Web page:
Health boss ‘lost for words’ as shots fired in COVID war
Queensland's top health expert was 'lost for words' on an emotional and historic day as the state launched into the fightback against the coronavirus pandemic.
Chief Health Officer Jeannette Young, the woman who has guided Queensland through the pandemic since it arrived through a party of Chinese tourists from Wuhan over a year ago, was overjoyed as the vaccination program hit the afterburners from the outset, almost doubling the projected number of jabs on the opening day.
After initially hoping to vaccinate 100 frontline workers on Monday, medics at Gold Coast University Hospital administered almost 180 jabs and hope to have protected more than 1000 Queenslanders by the end of the week.
Doctor Young said she was lost for words as Queensland took its most significant step in the war against the pandemic with the launch of the first phase of a program to vaccinate almost five million Queenslanders over the coming months.
"(A year on from the start of the pandemic) I desperately, desperately hoped this would be where we would be, but I didn't think we would reach it," she said.
"So today is just absolutely fantastic.
"(In) just over a year to be vaccinating the first person is….I'm lost for words - and I'm not often lost for words."
Dr Young, who oversaw the smooth launch like a proud parent, also paused to reflect on the terrible toll of the pandemic, which has killed millions worldwide, including six Queenslanders.
" I do remember those six deaths - of course I do and I'm sure those families will be grieving today with what happened but because of the work that has been done essentially by every Queenslander we didn't end up with those deaths that we were predicting or I was predicting at the start of the pandemic."
Gold Coast nurse Zoe Park made history as the first Queenslander to receive the long-awaited vaccine, getting the needle from clinical nurse consultant Kellie Kenway.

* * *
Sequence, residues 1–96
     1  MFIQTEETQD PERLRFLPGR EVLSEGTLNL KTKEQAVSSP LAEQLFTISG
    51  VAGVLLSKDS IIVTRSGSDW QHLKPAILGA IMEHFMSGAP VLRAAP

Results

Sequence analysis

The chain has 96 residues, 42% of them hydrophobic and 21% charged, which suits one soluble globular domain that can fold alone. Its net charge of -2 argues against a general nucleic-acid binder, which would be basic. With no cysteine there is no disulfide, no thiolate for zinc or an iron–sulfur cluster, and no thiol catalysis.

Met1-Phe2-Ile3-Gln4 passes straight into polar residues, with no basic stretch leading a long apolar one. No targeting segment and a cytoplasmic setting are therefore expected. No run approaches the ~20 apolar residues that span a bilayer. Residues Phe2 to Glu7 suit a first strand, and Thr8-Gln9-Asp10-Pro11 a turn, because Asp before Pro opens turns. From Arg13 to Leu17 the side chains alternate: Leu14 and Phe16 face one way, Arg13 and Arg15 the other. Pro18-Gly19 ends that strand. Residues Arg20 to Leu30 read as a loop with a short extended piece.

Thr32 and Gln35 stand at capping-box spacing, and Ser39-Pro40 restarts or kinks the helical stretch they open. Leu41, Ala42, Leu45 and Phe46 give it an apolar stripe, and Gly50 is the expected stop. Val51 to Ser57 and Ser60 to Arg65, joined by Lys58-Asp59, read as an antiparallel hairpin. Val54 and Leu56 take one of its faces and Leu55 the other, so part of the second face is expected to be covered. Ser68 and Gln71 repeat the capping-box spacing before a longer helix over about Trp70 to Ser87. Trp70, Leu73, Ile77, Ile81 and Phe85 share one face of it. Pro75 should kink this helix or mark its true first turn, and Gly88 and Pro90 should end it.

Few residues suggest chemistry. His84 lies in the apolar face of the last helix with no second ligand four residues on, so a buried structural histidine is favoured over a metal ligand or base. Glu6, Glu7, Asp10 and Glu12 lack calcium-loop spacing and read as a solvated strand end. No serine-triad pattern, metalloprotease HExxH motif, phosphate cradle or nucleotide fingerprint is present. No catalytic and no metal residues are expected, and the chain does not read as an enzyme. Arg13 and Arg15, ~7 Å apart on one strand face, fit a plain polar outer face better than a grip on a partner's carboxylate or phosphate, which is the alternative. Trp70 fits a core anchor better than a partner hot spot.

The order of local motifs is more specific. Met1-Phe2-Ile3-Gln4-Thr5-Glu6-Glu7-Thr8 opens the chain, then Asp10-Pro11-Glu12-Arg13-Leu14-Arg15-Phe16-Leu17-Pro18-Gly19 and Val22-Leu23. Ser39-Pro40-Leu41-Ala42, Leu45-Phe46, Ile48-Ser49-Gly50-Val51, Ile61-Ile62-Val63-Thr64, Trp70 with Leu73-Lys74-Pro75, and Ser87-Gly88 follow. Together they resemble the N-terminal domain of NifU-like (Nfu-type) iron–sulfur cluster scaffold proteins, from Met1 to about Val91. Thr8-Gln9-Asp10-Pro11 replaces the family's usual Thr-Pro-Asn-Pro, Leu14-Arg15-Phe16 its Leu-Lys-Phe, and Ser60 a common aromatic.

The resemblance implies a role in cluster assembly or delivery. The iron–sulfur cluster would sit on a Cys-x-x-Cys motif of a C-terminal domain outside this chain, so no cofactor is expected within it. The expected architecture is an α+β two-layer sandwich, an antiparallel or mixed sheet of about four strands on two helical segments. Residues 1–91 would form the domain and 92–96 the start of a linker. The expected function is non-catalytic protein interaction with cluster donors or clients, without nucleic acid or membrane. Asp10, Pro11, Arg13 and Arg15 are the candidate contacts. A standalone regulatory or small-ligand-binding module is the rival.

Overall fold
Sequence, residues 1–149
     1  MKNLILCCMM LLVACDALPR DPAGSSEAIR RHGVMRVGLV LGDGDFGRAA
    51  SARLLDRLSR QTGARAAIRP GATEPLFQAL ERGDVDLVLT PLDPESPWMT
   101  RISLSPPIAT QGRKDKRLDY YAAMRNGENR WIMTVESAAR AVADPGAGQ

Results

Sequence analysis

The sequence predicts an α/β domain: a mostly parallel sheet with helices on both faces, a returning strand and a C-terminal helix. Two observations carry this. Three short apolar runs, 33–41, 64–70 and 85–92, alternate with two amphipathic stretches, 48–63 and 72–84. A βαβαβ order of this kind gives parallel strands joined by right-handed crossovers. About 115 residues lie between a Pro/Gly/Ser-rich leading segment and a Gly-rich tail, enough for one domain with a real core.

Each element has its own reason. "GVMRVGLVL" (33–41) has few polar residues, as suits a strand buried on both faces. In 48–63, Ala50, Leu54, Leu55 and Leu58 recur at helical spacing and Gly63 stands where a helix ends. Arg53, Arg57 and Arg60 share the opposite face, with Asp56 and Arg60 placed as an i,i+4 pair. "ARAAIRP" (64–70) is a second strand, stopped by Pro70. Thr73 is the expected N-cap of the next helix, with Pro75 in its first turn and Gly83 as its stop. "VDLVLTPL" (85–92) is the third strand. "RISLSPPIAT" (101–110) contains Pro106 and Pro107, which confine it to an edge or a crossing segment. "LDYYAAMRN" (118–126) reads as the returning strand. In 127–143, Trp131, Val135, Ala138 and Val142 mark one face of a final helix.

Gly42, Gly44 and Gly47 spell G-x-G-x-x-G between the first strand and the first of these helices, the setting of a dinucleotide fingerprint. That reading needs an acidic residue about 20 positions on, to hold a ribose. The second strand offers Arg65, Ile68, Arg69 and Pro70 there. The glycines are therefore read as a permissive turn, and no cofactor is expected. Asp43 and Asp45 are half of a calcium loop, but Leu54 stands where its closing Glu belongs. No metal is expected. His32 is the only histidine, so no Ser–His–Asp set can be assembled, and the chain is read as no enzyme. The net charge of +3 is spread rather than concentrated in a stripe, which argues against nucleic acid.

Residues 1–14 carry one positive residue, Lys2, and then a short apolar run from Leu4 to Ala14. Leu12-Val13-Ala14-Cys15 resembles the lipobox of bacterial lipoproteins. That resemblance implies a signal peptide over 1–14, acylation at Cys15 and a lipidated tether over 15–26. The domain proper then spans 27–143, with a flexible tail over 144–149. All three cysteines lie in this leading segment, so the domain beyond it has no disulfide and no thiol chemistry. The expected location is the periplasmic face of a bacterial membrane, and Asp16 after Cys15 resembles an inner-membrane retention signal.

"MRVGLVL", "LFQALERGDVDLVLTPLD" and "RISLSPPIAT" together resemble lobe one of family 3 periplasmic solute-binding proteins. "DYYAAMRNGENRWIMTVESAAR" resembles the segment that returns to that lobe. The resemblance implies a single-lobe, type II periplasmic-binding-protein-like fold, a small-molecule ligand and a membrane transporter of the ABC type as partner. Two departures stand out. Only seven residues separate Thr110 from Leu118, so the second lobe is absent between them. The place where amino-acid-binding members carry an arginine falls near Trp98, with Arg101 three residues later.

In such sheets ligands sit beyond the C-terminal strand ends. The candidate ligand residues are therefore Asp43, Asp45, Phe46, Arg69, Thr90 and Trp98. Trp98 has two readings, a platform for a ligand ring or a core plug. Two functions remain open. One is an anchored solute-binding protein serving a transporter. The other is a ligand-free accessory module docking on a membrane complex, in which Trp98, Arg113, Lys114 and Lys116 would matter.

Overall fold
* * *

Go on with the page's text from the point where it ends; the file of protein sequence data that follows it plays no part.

She told media 'it didn't hurt at all'.
The 25-year-old nurse said she understood the importance of being the first to receive the vaccination and hoped it would inspire people of all ages of the importance of the jab in the fight against COVID-19.
"I think it's important to set an example," she said.
"I was always going to get the vaccine, but to be first is a real added bonus.
"My age group is the age group probably least likely to feel like they need to get the jab, but I want to show that everyone should get it."
A Brisbane girl, Ms Park has worked as a nurse for six years, first at the Royal Brisbane and Women's Hospital before moving to the Gold Coast University Hospital in April last year.
She said she had seen first-hand the devastation the virus was capable of, working in the GCUH COVID-19 ward.
"I've seen families being torn apart by it," she said.
"It's really scary.
"I definitely feel safer going to work now."
Ms Park grew up wanting to become a nurse, inspired by her grandmother who also worked as a nurse.
She spoke to her parents soon after receiving the jab.
"They're very proud and really excited."
"They know it's really important."
There are 37,000 frontline workers earmarked for the first round of vaccinations before stage 1b and further phases.
While Prime Minister Scott Morrison received his vaccination on Sunday, Queensland Premier Annastacia Palaszczuk, Health Minister Yvette D'Ath and the CHO will be part of the second intake.
Ms D'Ath, who praised yesterday's historic delivery of the state's first COVID-19 vaccines, said she acknowledged it sent an important signal for the PM to be among the first to receive the needle, but Queensland's political leaders would wait their turn after the frontline workers at hospitals, quarantine hotels and aged care homes had been safely administered the vaccine.
Queensland recorded two new cases of the virus yesterday, but both patients were in hotel quarantine when they tested positive.
The state still has five active cases.
Originally published as Health boss 'lost for words' as first shots fired in COVID war